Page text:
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Coal Inspectorate | Bulletin | No.204 V 1 | 05 August 2022

Spontaneous combustion monitoring and response systems

What happened?

Recent analysis into technical reports and audit results has highlighted concerns about how underground coal mines are interpreting guidance to develop their spontaneous combustion Triggered Action Response Plans (TARPs).

Spontaneous combustion events have previously occurred in bord, pillar and longwall mines – some with devastating consequences. The most recent events in 2020 resulted in serious injury to coal mine workers, two gas explosions, and previous events have also resulted in sealing mine workings.

How did it happen?

Investigations into past events have shown that TARPS have been found to be inadequate or applied incorrectly.

Key issues

Recommendations

Site Senior Executives (SSEs) should direct that the site TARPs are reviewed and endorsed by a suitably qualified expert on a regular basis - ideally annually.

Underground Mine Managers (UMMs) should review and update their spontaneous combustion TARPs against the monitoring and response system metrics below and have the TARP endorsed by a suitably qualified expert.

Reviewing the effectiveness of monitoring and response systems

The metrics in your spontaneous combustion TARP need to be representative of the environmental conditions being monitored to ensure they detect changes in this hazard, and trigger an early response to indicators of a spontaneous combustion event.

Escalation of any of these key gas metrics should be thoroughly tested to ensure that they accurately interpret the atmospheric changes being monitored and measured.

A list of criteria to be considered when developing your spontaneous combustion Principal Hazard Management Plan (PHMP) and TARPs has been developed following analysis of historical events. These key matters should be considered and documented.

  1. Review development of your TARPs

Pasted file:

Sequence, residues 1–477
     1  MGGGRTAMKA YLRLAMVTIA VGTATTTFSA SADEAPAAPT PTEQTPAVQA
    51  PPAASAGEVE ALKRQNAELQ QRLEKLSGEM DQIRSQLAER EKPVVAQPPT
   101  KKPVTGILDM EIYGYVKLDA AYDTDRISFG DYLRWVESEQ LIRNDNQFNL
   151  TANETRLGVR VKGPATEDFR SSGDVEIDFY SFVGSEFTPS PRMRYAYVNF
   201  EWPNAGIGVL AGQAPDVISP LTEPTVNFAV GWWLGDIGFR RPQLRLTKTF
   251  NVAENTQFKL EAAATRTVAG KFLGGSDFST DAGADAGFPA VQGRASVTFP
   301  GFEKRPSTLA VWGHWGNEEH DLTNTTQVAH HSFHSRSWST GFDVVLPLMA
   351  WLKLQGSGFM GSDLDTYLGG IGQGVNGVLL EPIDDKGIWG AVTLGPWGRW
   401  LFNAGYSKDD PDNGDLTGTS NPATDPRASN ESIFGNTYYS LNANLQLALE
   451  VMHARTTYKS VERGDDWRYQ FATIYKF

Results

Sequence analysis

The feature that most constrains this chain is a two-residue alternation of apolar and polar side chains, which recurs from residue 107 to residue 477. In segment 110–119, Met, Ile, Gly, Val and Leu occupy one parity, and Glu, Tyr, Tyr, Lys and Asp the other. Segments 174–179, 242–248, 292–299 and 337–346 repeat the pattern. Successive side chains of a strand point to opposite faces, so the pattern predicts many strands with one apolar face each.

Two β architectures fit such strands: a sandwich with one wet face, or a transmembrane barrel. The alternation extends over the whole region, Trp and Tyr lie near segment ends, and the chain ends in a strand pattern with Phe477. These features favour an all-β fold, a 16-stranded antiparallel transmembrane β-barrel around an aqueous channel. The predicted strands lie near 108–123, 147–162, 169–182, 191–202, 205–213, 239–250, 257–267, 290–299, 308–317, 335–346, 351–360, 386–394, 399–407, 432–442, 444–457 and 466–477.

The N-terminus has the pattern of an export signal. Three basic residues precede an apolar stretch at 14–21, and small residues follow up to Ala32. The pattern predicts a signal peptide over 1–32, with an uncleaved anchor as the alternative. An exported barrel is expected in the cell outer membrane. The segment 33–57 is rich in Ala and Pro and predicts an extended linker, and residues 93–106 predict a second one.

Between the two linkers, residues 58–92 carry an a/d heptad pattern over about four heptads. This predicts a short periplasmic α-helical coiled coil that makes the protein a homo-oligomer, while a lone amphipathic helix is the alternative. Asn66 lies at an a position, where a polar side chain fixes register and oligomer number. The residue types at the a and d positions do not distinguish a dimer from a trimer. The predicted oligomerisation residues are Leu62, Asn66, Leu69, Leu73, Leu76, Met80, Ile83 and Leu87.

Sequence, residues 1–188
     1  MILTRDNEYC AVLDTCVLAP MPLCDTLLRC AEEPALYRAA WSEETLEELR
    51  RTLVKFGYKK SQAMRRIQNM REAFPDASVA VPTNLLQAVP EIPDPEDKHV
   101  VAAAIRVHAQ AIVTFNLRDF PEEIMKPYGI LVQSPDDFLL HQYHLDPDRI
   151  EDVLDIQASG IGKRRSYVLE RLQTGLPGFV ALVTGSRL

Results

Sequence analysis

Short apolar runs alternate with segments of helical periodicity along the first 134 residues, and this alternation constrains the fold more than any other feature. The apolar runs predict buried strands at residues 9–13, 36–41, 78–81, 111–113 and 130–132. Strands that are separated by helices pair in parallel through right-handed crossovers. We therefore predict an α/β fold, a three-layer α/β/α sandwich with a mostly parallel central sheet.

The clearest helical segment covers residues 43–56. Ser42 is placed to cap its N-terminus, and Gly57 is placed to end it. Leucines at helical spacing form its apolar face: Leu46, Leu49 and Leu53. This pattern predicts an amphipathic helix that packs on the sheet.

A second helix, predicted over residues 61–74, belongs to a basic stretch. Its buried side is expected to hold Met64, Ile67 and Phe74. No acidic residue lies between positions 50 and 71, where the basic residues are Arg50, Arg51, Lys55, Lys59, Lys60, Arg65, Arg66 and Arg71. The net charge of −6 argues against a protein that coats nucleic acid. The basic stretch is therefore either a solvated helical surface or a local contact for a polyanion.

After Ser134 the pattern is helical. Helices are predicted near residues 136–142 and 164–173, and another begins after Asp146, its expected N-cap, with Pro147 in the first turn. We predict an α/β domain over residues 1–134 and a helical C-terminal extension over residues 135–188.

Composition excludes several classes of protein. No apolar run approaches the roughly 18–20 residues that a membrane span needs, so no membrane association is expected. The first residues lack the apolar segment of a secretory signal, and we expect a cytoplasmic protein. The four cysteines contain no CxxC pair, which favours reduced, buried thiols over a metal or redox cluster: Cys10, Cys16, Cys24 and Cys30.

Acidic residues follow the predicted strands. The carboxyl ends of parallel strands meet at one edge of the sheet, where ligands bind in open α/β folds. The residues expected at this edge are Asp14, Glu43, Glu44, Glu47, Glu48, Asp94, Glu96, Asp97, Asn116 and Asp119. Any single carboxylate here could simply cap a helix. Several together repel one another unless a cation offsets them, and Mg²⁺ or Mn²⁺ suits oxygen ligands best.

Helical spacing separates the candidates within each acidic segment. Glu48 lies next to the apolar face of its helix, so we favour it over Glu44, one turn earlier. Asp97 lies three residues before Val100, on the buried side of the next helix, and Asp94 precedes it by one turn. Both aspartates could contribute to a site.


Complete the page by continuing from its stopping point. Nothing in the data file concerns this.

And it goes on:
2. Assess the spontaneous combustion propensity of your coal seam
  3. Considered the relativity of gas evolution data when developing trigger metrics
  4. Review historical data from any incidents at operations conducted in the same seam
  5. Assess plans in relation to historical incidents which have not effectively provided appropriate responses to manage the events
  6. Consider the effective application of your trigger metrics where more than one spontaneous combustion indicator may be present
  7. Appraise the relevance of gas monitoring data in your assessment of the potential escalating spontaneous combustion event and consider:
  8. Consider gas data obtained from goaf wells and the correlation of these indicators with the underground gas monitoring data
  9. Consider the application of Grahams Ratio to gas monitoring locations that have the potential for oxygen deficiency where there is an absence of ventilation currents
  10. Consider the impacts of nitrogen inertisation to your gas monitoring locations and the potential for the 'masking' of key indicators
  11. Consider the validity of CO/CO2 ratio triggers in your TARPs to consider:
  12. Considered the presence of Ethylene in your TARP trigger metrics to determine:

Authorised by Peter Newman - Chief Inspector – Coal

Contact: Shaun Dobson, Deputy Chief Inspector of Coal Mines , 0407 011 214

Issued by Resources Safety & Health Queensland

Safety: This information is issued to promote safety through experience. It is not to be taken as a statement of law and must not be construed to waive or modify any legal obligation.
Placement: Place this announcement on noticeboards and ensure all relevant people in your organisation receive a copy, understand the content, findings and recommendations as applicable to their operation. SSEs should validate that recommendations have been implemented.

All information on this page (Spontaneous combustion monitoring and response systems - https://www.rshq.qld.gov.au/safety-notices/mines/spontaneous-combustion-monitoring-and-response-systems) is correct as of time of printing (12 Aug 2022 3:05 am).